Seashell Trust Visit
January 2018


Gerry and Joanne arrived at the Seashell Trust campus where they have a school, college, and residential blocks. They were met by Dominic Tinner and he explained about some of the history of the school. At the beginning it was founded to educate deaf children and was opened in Salford but then moved to old Trafford. However, when old Trafford become industrialised the trustees bought the current sight in south Manchester, Cheadle - it’s a 50 acre site. The charity has also moved from looking after deaf children of normal intellects to children who often are deaf and have no ability to communicate verbally and also have other very serve disabilities and many complex needs.

Gerry and Joanne then met the Chief Executive Mark, he explained that all of the children had been born with brain damage and even the most able have little or no communication ability. They all have severe profound multiple medical conditions with complex needs for example deaf, blind and epilepsy.

An interesting point in the story was a company called Epicure stated that there are more premature babies born in the UK than anywhere else in Europe.

The seashell trust school and college have long waiting lists and only take on the most severe disabled children. However, the school has increased the numbers from 34 to 50 students and the college has increased from 44 to 77 students. Overall they look after 127 children, but as the students have multiple disabilities it needs 500 staff to look after them.

Gerry and Alex, age 8 

Obviously the school has to be funded – in addition to the staffing of the school and college, the day time residential care means that there are carers who look after the children throughout the day and night and are not able to sleep during that time. The children could have any requirement at any time during the evening as mentioned earlier epilepsy. Most often children are placed by the local authority and because the Seashell Trust is the national centre of excellence, children come from any where all over the country.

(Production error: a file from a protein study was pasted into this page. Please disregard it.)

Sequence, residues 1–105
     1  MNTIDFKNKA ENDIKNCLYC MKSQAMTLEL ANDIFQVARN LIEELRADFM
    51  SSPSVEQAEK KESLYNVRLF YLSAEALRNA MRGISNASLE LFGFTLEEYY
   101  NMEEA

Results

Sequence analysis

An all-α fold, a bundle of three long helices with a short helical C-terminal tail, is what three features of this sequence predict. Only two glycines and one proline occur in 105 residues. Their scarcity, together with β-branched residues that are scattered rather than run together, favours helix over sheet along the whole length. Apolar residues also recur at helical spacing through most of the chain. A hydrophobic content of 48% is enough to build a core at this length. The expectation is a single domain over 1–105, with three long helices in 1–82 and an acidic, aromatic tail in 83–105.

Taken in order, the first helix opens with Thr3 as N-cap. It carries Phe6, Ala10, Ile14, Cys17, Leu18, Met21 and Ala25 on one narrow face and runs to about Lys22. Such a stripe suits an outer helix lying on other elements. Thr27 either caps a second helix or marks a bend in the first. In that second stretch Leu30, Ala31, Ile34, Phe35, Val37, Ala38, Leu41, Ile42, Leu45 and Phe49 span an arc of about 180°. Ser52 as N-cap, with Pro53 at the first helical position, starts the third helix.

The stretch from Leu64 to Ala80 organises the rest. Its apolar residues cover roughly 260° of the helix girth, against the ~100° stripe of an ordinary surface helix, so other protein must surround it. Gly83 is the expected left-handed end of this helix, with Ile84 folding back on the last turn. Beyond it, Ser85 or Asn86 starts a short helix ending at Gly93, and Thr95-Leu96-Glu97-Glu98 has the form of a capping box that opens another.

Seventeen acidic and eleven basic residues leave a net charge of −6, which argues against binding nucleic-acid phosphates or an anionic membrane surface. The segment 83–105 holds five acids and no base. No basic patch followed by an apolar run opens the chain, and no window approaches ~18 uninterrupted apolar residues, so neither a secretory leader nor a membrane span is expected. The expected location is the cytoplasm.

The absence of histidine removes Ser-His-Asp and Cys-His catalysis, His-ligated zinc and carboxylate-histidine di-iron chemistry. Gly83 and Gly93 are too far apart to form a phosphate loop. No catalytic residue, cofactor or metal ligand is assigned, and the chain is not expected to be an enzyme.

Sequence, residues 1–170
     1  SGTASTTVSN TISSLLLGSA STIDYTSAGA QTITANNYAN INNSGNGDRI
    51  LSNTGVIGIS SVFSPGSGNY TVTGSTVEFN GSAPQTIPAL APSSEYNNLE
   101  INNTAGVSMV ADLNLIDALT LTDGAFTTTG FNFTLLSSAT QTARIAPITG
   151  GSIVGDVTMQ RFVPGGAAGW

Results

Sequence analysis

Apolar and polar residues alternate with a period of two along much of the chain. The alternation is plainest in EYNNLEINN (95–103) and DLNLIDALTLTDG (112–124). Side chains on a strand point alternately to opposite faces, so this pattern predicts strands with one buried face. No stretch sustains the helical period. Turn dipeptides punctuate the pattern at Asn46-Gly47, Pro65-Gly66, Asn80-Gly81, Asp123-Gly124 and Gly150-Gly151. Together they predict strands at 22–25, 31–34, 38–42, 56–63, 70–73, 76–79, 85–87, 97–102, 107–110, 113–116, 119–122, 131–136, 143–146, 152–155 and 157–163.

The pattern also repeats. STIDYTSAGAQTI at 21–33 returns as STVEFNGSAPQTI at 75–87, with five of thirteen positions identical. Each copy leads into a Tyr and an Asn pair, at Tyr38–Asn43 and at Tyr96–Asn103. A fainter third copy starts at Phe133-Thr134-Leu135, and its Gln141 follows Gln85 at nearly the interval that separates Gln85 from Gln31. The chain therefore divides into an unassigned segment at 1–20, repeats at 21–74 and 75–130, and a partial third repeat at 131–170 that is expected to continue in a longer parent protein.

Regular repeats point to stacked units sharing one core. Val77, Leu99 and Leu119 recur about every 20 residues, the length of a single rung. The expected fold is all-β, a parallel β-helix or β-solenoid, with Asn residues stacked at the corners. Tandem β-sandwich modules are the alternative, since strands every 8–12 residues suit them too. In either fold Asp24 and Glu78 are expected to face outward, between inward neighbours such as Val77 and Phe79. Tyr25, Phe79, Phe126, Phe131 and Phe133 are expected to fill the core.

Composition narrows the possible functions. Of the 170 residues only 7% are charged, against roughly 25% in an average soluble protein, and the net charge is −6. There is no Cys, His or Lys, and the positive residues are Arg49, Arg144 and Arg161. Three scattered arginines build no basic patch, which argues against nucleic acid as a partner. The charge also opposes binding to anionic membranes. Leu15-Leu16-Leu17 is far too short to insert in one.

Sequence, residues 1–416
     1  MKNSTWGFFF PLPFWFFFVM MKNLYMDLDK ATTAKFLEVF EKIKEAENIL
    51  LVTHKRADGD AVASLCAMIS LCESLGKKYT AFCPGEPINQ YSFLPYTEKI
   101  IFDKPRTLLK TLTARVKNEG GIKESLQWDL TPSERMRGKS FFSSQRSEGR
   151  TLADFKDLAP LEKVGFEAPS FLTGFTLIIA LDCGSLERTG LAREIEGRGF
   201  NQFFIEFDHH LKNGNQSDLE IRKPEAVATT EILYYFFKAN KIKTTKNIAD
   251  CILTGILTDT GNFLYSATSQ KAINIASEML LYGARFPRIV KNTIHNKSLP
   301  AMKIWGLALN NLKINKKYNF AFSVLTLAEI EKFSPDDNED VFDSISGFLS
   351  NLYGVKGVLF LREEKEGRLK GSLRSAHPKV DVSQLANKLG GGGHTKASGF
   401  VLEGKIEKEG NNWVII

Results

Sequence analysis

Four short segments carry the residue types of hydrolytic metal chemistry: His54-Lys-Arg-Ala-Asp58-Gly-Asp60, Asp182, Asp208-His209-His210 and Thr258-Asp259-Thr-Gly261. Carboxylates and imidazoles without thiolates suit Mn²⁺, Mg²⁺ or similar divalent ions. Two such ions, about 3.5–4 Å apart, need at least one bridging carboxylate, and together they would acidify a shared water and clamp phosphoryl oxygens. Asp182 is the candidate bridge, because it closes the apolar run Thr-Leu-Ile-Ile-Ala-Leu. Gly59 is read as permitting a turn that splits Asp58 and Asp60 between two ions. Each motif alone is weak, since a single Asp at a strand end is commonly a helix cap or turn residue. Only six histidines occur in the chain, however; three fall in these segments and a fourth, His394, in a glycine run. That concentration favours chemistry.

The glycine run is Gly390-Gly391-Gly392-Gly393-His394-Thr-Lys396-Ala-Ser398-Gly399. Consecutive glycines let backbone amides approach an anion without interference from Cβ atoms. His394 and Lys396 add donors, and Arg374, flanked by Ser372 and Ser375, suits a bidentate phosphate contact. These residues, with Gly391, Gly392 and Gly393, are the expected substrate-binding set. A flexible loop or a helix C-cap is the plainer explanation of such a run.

A day pupil costs around £70,000 a year, and a student who requires the entire package (residential care staying on site) costs £400,000 a year. However, the fees only pay for the staff costs; the rest has to be fund raised.

The first class room Gerry and Joanne entered had 5 students, the youngest of the school age in the seashell trust school. They require one-to-one care, and the children were all different, some were active some were not, some had basic communication skills but were not able to say anything but used sign language to express themselves, some children were very inactive. The spectrum of the disability in that classroom was one the highest ability groups, and throughout the school many children had more severe conditions.

Dominic explained that the school was built in the 1960s and the plan for the school is to improve all facilities e.g. roof of the corridors, automatic doors, softer lightening - as strong lighting can cause behavioural changes in autistic children.

Gerry and Chloe, age 8 

The tour continued to the residential homes and the Trust has seventeen four bed houses/bungalows. Each house is made into a home environment with a bedroom, laundry room, kitchen and garage to store all the equipment they need, wheelchair etc. Each house also has a sensory room to relax the children. Each room has hoisting facilities and en suite. One girls room was beautifully decorated by her mum, she was from North Wales, and an interesting part was the sink and cooker were adjustable in height to allow her to learn how to cook and look after herself. The aim is to help the children live independently and at some point return to their local area, and to be looked after by their local organisation that provides support to them. Each house has a number of staff working three shifts from morning 7am-3pm, 3pm-11pm, 11pm-7.30am and there is an office where the staff can work.

The trust has many projects including creating an early assessment centre, many children with disabilities are not properly diagnosed for some time, often it’s got to go through GPs, specialised children hospitals and local hospitals and its very stressful for the parents. And not good for the children either, and early intervention may help, so setting up the centre can help children be diagnosed at a very early stage.

Gerry asked if any of the children visit the Trafford Centre which is a disabled friendly environment, and some children do visit and Gerry offered the children the facilities in our Yang Sing Cathay restaurant for the students to experience Chinese food.

Gerry also suggested that Dominic should have a look at the Greater Manchester High Sheriff Police Trust to see whether they can access any funding from there.

Gerry and Joanne were given a little gift - a fish in a clay tablet made by the students.

And the photo credits go to Tony Carter!